We live in a busy world and yes, busy equals business and business often means travelling for business.
In today’s corporate sphere, routine business travel and an employee’s assignment abroad are not only common, but are an integral part of the daily operations. However, risks inherent to employee travel remain top of mind as companies continue to globalise their operations.
At a recent Travel Risk Outlook briefing hosted by International SOS in Johannesburg, the company identified health-related issues and incidents as a top area where travel risk is expected to increase in the next year.
From its own experience in dealing with travel risk, International SOS indicated that health related risks most commonly seen and those which are expected to continue to increase include: stomach/gastrointestinal problems, road accidents, inadequate healthcare, flu and non-infectious diseases.
According to Henning Snyman, Coordinating Security Operations Manager at International SOS, it is just about impossible to prepare for these type of incidences, which makes travelling planning and management a difficult task sometimes.
However, he adds that for the benefit of companies and their travelling employees to follow these basic guidelines:
Regular health checks
While the ideal scenario would be to have travellers assessed before and after each trip – it is not always feasible.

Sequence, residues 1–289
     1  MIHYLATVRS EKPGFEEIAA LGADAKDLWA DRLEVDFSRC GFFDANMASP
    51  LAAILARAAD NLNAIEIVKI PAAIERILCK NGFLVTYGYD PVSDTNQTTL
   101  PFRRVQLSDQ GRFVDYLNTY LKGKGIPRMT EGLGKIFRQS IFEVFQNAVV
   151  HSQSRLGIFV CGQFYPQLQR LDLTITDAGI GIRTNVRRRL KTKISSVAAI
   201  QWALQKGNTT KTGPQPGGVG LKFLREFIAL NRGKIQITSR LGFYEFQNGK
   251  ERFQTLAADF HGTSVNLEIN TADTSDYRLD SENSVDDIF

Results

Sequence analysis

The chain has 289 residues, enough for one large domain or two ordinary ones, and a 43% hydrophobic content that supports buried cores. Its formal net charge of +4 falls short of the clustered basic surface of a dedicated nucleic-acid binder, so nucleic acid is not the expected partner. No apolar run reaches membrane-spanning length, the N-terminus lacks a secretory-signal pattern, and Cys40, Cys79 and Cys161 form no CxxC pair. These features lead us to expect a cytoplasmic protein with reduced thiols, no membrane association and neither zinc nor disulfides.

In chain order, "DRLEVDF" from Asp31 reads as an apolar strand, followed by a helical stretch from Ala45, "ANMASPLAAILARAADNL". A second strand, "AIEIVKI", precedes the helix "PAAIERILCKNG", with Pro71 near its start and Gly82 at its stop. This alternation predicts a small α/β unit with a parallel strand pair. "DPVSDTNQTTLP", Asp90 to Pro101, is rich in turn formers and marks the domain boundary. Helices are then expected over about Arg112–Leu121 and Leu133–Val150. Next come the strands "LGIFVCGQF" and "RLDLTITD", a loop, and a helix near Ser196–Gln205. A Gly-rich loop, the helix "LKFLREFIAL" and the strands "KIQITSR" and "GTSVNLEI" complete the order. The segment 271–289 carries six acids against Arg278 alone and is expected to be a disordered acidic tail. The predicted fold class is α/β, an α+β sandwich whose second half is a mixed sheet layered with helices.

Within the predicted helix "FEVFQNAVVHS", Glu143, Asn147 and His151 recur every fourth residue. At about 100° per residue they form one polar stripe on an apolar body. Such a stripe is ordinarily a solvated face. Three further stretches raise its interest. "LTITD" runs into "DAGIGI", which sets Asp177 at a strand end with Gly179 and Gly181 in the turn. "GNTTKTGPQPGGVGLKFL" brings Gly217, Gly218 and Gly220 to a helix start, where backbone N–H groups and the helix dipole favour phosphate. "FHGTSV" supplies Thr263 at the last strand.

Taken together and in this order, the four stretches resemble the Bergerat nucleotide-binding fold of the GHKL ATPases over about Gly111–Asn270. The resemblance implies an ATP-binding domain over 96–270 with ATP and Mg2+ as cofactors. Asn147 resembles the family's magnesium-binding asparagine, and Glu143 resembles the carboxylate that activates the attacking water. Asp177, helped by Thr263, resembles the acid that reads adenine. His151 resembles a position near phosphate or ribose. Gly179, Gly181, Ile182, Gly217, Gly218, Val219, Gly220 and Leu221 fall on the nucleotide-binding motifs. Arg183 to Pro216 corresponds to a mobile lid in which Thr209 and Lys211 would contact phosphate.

International SOS suggests that companies implement processes where travelling employees are checked at scheduled intervals. For example employees under 50 years should have scheduled checks at least every two years while older employees should have annual checks. Other factors that will also influence a traveller’s health profile and the interval of assessment include a history of high blood pressure and should a passenger be overweight.
Have systems in place
Companies should consider keeping traveller health files to ensure travellers are properly vaccinated for trips. As well as arranging for vaccinations, ensure that travellers are provided with information about the specific health risks, possible symptoms and action to take if they fall ill.
Also vital is to keep a record of travellers’ pre-existing medical conditions and medication that they are on. Ensure they carry a doctor’s letter and a copy of any prescriptions while away, in case their medication is lost in transit. Also ensure their medication is legal in the country they are visiting.
As a rule of thumb, often travellers will not remember their previous vaccine history, so keep a record, even if you are outsourcing the immunisations.
The same applies to records of allergies. Keep a record of any allergies to vaccines, medications and also any food items.
No two travellers are ever the same. Consider whether your traveller is a first time traveller or someone with more experience and provide them with the necessary personalised information they will need to ensure they stay healthy and safe.
However, even if an experienced traveller is going to a particular destination regularly, make sure they are reminded of health risks. They are perhaps the most likely to become complacent and encounter problems.
Ensure that your travellers have the comprehensive travel and health insurance to cover them in any event.